Oh.....I forgot about the wine, which sets me back about 9000 baht a month as I am able to buy some pretty good wine direct from distributors whom I know.

Who do you buy wine from? If I may ask... and can I purchase from them also? 

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The topic is like how long is a piece of string with so many variables. I mean out of the 45Ka month what are you expecting?

 

It's the same as guys coming on here saying I have 5, 10 or 20 million baht to retire plus my monthly pension, is it enough? WE DON'T KNOW! 

 

We don't know your lifestyles or spending habits.The only thing you do is to have a ceiling budget per month including all anticipated spends on internet, accommodation,, transport, food, entertainment etc. and if you find you are over it monthly and dipping further into your nest-egg,, you are spending too much. End of!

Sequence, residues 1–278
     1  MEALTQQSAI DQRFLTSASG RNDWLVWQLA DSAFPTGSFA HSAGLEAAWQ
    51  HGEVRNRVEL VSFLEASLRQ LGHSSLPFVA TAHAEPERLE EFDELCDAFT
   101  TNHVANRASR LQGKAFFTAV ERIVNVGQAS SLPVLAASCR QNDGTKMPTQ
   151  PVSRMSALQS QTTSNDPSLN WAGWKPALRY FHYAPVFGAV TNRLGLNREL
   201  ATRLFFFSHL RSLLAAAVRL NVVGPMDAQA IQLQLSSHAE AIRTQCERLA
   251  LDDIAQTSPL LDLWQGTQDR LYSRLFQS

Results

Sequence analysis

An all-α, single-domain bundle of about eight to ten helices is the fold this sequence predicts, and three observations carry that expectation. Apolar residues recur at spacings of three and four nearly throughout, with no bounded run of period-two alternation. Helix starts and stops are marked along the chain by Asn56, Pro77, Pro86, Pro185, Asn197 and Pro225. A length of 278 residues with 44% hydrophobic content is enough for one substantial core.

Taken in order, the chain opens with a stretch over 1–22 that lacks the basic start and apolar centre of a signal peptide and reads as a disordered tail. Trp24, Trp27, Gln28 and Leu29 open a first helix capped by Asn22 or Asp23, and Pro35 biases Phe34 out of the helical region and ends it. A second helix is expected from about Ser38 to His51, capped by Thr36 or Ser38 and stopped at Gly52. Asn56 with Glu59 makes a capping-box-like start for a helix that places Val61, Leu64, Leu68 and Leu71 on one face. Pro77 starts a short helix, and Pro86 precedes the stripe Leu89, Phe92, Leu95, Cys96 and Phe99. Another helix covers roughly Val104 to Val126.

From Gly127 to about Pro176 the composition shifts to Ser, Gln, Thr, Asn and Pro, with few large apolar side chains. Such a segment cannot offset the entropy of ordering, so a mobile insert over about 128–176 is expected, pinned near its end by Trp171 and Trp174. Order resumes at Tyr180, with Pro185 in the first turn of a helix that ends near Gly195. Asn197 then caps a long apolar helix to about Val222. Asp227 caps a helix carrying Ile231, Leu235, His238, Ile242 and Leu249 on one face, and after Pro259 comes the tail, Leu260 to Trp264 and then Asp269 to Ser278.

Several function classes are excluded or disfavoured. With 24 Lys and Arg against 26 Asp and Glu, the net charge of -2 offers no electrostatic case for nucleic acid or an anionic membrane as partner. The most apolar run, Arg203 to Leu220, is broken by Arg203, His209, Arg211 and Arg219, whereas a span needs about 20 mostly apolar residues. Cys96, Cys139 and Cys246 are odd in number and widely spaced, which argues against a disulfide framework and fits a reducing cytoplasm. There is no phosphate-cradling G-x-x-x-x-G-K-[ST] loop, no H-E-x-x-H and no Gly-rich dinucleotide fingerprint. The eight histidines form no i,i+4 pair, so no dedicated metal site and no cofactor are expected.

If its a few beers, decent food a motorbike or small car and small compact house in Isaarn, it's doable, of course. If you want to go to Pattaya and off the Totty in the bar, ring the bell in the bar, and eat in western restaurants daily, then you are in for a rude awakening. One thing for sure, bar girls and boys are experts spending other peoples money.

 

We have three houses in a compound which are paid for and built many years ago, my car was bought new 2 years ago and a bit more and paid for, we cook a lot at home, both Isaarn food and Western food, I usually get to Europe at least twice a year.